During the various lockdowns and quarantines imposed since the onset of the Coronavirus pandemic, many people have turned to various hobbies to occupy their newfound free time. I myself turned to an old passion of mine—woodworking—a past-time that I once feverishly pursued during high school, but which more recently had gone dormant. The desire to use my hands to create tangible works that are not only practical but beautiful as well has never left me though. And, since I spent the first five months of the pandemic quarantining where I grew up, the ready access to my grandfather’s woodshop proved irresistible. Using his tools and making some sawdust felt like a great tribute to my late Grandpa Bleeker, whose deep passion in life was woodworking. Grandpa Bleeker left behind many scraps of beautiful hardwoods that had spent years in the basement just pining to be turned into something beautiful.
I find I have the greatest joy in woodworking when I am building a project specifically for someone. The hours spent communing with the wood are like hours spent focusing on that friend. With that in mind, every creation I make is unique, tailored to whoever will be the recipient. Every project has to start with an idea, and oftentimes it is the pieces of wood that tell me what they want to become, or the final project will have some symbolic significance for the recipient. The project example used in this blog post was made for a couple of friends who have worked in Alaska. It is a laminated wood cutting board that also denotes the fondness for charcuterie boards we had whilst we we coworkers.
I started this project by printing out a template to follow. I wanted to make a broad enough cutting surface to make the board actually practical, and the bulk of mainland Alaska provided a cutting surface of about 8″ by 10″. Due to the state’s geography, however, the Southeast Alaskan Panhandle and the Alaska Peninsula made this one of my largest and most complicated cutting board projects yet.
The first step is to lay out all the strips of wood to be laminated together over the template. With a challenging shape like Alaska, it took some maneuvering to figure out how to make the board look good while also keeping it structurally sound. Since I wanted a varied look for visual interest instead of uniformity or pattern, I kept the widths of my wood strips at whatever size they happened to be; since my end goal was to have the cutting board be about 1″ thick, all the wood strips used started around 1 1/8″ to 1 1/4″ in thickness. A laminated cutting board is a great way to use up long, skinny scraps of hardwood, and cutting pieces to the size of the template helps further reduce wood waste. This cutting board is composed primarily of Oak, Walnut, Cherry, and Maple, laid out mindfully to highlight the contrasts in color and grain of each wood species.
All the wood strips laid out and ready for glue!
With all the wood strips laid out over the template, it is time to start gluing them together! I used a high-strength version of Elmer’s Wood Glue, just because the finished cutting board may get wet during washing. With so many different sized pieces, and with such an awkward shape to clamp, I segmented Alaska into five different sections to make square-ish shapes to promote more secure clamping. Another reason to glue in sections was that my planer had a six-inch width, which is very important in the next step. If I was using my high school woodshop, I wouldn’t have had that problem, and could have glued the entire board together initially as a unit.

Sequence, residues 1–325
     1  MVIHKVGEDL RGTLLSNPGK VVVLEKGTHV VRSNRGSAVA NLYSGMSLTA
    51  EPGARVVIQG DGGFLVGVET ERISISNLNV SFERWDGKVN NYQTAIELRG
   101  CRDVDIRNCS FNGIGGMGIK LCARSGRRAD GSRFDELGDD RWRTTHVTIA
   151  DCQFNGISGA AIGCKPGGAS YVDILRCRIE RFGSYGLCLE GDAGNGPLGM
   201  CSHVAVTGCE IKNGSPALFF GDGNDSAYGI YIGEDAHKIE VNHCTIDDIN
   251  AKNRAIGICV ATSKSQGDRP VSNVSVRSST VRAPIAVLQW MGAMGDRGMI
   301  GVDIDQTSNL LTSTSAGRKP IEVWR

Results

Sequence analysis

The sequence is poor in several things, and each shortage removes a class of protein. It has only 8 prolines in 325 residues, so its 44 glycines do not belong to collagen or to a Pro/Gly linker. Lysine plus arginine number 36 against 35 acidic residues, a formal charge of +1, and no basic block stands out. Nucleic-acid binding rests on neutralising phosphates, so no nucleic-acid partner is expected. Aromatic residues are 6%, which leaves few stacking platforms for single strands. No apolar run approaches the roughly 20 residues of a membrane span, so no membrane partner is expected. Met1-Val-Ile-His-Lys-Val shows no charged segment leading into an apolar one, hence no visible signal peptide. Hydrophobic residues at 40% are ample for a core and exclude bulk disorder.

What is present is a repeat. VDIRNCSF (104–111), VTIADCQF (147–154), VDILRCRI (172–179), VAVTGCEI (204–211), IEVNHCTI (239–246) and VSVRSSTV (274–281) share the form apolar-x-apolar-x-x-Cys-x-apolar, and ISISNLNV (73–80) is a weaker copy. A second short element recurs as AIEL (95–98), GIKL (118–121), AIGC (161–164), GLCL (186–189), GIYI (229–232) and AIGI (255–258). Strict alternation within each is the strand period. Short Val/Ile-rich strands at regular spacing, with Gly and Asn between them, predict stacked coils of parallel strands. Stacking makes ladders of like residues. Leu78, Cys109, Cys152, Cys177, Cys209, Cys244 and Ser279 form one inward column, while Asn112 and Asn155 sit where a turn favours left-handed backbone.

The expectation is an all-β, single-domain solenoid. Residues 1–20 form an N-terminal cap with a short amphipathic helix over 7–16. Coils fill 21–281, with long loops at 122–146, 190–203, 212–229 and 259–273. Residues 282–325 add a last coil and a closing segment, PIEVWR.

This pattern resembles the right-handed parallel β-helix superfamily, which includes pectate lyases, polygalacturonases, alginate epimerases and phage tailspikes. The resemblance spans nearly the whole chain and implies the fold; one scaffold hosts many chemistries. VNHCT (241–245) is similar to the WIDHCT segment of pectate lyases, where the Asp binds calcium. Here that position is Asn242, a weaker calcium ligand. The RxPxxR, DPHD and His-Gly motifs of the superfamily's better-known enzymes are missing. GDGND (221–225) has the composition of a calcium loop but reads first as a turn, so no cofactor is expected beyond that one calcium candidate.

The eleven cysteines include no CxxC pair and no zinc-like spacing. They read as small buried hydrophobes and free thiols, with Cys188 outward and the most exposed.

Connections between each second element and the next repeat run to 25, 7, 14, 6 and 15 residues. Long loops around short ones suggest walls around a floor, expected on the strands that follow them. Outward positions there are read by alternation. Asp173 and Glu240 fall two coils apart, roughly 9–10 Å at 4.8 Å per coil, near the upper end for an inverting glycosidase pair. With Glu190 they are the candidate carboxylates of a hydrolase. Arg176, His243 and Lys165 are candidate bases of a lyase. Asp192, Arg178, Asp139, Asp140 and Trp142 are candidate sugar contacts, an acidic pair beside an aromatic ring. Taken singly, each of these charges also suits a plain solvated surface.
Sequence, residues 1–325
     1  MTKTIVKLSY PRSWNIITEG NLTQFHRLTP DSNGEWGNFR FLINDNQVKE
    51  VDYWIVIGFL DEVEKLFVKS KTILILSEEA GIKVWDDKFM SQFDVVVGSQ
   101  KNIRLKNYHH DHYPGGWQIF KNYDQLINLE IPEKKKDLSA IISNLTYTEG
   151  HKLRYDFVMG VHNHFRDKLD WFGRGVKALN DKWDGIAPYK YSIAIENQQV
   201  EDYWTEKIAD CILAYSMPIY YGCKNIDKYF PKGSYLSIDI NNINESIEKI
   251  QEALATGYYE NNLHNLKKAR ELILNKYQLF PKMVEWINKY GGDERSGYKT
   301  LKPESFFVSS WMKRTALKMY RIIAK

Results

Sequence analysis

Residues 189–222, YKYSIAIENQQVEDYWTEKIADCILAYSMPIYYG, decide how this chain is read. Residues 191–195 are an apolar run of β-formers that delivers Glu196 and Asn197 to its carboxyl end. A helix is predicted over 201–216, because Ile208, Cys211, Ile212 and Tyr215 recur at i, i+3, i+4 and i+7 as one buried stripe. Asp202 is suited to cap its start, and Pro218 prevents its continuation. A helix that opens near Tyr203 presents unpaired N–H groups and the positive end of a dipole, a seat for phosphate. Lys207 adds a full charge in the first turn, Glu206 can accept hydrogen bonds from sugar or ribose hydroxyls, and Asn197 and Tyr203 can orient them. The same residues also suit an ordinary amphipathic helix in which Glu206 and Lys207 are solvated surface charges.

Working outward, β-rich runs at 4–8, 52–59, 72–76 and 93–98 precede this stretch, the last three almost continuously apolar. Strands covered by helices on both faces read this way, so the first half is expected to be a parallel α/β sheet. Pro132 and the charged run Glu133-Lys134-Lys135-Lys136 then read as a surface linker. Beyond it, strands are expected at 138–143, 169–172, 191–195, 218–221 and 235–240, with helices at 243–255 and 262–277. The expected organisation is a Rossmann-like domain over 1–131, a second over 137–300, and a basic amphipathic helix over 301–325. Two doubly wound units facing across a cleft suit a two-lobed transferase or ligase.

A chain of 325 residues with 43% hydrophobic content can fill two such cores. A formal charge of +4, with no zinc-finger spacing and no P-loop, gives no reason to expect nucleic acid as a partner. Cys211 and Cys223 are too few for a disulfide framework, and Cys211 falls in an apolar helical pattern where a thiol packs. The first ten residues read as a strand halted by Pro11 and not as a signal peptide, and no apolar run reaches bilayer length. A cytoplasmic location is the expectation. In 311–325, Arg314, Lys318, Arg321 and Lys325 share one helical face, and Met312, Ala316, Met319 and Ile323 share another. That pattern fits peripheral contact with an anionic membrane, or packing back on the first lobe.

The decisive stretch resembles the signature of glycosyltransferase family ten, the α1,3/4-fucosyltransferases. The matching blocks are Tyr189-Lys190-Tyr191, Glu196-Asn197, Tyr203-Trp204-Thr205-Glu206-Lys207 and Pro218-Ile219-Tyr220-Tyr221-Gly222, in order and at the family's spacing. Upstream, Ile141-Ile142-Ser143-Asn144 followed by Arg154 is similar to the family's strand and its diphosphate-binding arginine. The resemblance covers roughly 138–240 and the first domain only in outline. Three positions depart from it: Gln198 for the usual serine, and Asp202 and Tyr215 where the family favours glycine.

The five sections, glued, clamped, and curing
Once the glue has dried, I simply ran the larger three sections through the planer until they were all approximately the same thickness. Planing works like quick magic in taking the uneven glue-slopped board sections and making them look more like a finished product. The two sections that composed the Alaska Peninsula were too small to fit through the planer, so I smoothed them out using a belt sander. Once the five sections were about the same thickness, I glued them together to complete the state of Alaska.
The next step is a lot of work on the belt sander. While planing quickly gets wood down to the desired thickness, it leaves the wood pretty rough. The belt sander makes the surface nice and smooth, ready for an array of cheese and crackers.
Now for the fun part, one of the quickest transformations of the whole process! It’s time to lay the template back on the sanded board, and use a bandsaw to cut along the black line. And voila, the real Alaska emerges!
With just some detailed sanding to smooth out the edges from the bandsaw cuts, the cutting board is just about finished. The last step is to protect the wood with a nice finish of food-safe oil. I hand rubbed in three coats of olive oil. Nothing like a good coat of oil to make the vibrancy of the wood really come to life!
To see more of my woodworking projects, follow the link to my website.